Many of us take the civil and social infrastructure that underpins our society for granted. Large, networked systems such as airports and electric power grids, as well as stand-alone facilities such as hospitals and prisons, exist on the periphery of our consciousness—until something goes wrong. If a bridge buckles or the municipal water supply tests positive for lead, we suddenly catch a glimpse of the complicated economics behind their existence.
R. Richard Geddes, Policy Analysis and Management, has spent years exploring the economics of infrastructure projects like these. He was drawn to the topic after serving as a senior economist on the Council of Economic Advisors in the White House in the early 2000s. As one of three economists working on regulation, Geddes learned details about civil and social infrastructure that changed the trajectory of his career. “They were throwing stuff at me right and left,” he remembers. “Highway tolling, environmental permitting, all kinds of things. It was the most incredible learning experience.”
After returning to Cornell, Geddes knew what he needed to do. “There’s a whole world of infrastructure and public policy that has been neglected by economists and universities,” he says. “I realized we needed a center at Cornell that focused on infrastructure because we have all kinds of faculty who are interested in different pieces of it: for example, things like environmental impacts, the structure of delivery contracts, infrastructure funding and finance, and legal questions of liability.”
In 2012, Geddes became the founding director of the Cornell Program in Infrastructure Policy (CPIP), which seeks to improve the delivery, maintenance, and operation of infrastructure. His own research focuses on infrastructure delivery. “Delivery means the whole set of things that has to happen for a particular infrastructure to work,” he says. “For example, to build and maintain a water system that delivers a clean glass of drinking water requires that you think about design, construction, operation, maintenance, financing, and increasingly, retirement, which can mean recycling at the end of it all.”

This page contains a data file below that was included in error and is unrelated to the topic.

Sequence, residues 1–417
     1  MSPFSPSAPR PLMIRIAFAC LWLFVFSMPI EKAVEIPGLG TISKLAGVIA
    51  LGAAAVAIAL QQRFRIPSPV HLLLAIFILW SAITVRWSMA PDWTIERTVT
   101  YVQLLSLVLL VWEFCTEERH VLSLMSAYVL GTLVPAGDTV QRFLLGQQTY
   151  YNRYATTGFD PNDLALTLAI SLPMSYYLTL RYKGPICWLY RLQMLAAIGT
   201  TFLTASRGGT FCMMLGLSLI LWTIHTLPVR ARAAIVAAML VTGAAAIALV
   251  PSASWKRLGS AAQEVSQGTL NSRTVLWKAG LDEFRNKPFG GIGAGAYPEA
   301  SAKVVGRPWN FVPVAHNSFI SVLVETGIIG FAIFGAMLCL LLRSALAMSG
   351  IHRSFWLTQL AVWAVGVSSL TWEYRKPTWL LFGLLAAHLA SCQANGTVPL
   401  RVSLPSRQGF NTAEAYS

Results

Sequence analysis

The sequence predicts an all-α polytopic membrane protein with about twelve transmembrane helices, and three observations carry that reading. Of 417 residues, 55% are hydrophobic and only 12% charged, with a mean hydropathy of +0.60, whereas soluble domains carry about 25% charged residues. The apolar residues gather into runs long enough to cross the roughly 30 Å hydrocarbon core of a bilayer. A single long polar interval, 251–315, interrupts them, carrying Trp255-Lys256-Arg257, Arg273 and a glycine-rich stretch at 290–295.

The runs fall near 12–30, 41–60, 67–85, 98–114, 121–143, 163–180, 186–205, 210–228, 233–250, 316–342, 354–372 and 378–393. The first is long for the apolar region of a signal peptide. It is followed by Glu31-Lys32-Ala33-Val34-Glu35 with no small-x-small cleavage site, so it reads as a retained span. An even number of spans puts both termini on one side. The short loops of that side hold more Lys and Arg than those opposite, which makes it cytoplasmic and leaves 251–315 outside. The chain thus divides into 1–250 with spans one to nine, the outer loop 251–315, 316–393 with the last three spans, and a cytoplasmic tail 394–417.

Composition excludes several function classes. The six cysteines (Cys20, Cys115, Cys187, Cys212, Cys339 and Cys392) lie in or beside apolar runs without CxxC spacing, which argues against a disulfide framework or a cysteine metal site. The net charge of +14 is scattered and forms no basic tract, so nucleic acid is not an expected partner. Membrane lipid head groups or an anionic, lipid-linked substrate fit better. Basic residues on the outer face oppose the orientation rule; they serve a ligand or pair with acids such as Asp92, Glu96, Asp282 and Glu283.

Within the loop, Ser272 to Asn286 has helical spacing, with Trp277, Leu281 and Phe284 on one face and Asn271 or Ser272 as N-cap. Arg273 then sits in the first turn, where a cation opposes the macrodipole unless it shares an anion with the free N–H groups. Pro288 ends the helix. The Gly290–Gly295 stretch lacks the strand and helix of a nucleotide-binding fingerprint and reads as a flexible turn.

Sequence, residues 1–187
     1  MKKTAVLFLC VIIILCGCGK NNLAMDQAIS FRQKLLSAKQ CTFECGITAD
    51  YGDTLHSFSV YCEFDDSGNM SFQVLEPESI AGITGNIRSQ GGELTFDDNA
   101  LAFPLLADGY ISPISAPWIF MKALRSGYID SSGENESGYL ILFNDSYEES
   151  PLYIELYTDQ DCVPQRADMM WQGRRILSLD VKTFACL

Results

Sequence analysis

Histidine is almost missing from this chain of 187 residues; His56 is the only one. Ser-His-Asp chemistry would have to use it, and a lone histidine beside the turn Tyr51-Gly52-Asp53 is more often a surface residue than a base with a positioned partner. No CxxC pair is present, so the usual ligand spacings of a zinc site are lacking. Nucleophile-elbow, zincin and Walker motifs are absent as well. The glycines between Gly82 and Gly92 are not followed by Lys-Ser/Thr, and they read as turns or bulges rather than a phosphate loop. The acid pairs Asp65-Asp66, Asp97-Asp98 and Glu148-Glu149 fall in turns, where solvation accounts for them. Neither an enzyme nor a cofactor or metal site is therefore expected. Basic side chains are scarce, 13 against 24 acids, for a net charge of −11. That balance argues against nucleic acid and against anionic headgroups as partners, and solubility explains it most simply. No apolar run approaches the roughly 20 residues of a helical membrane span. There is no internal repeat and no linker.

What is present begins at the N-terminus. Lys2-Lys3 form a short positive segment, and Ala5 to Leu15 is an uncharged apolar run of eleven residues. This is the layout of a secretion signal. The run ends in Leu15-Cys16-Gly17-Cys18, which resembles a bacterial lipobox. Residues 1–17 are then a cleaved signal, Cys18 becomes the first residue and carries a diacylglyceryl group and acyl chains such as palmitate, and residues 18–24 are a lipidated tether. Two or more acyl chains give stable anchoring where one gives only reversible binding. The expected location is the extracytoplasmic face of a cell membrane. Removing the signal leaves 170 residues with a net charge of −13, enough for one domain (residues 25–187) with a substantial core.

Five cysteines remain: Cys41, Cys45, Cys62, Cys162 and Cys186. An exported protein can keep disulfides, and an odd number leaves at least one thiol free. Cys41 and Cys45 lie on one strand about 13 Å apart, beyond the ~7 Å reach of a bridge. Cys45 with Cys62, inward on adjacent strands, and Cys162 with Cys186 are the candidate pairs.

Value Capture through Public-Private Partnerships
Much of Geddes’ work centers on the concept of value capture through public-private partnerships (PPPs). “This is particularly important in the eastern United States where the infrastructure is older,” he explains. He gives an example from Ithaca, New York, where Cornell University is located: “The Ithaca wastewater treatment plant was over 100 years old. A private company came to the city and said, ‘You’re wasting a lot of energy with this old technology. We can install our new technology and capture some of that value through reduced electric usage, which will pay for the technology’s installation.’ That means it cost the city of Ithaca nothing to implement the new technology because the city gave the private partner a cut of the electricity savings.”
Delving deeper into the economics of PPPs, Geddes joined with Rui Cunha Marques, of the Technical University of Lisbon, in a research paper exploring how Detroit and other cities around the world handled the switch from incandescent streetlights to light-emitting diode (LED) lights. “Most public authorities can now enter into a streetlight modernization PPP agreement,” Geddes says. “Paris did it. Detroit was a major U.S. city that did it. We studied the contract between the city, which is the public owner, and the private partner. The key aspect in value capture deals is this contract. How exactly do you structure the contractual relationship between the two partners?”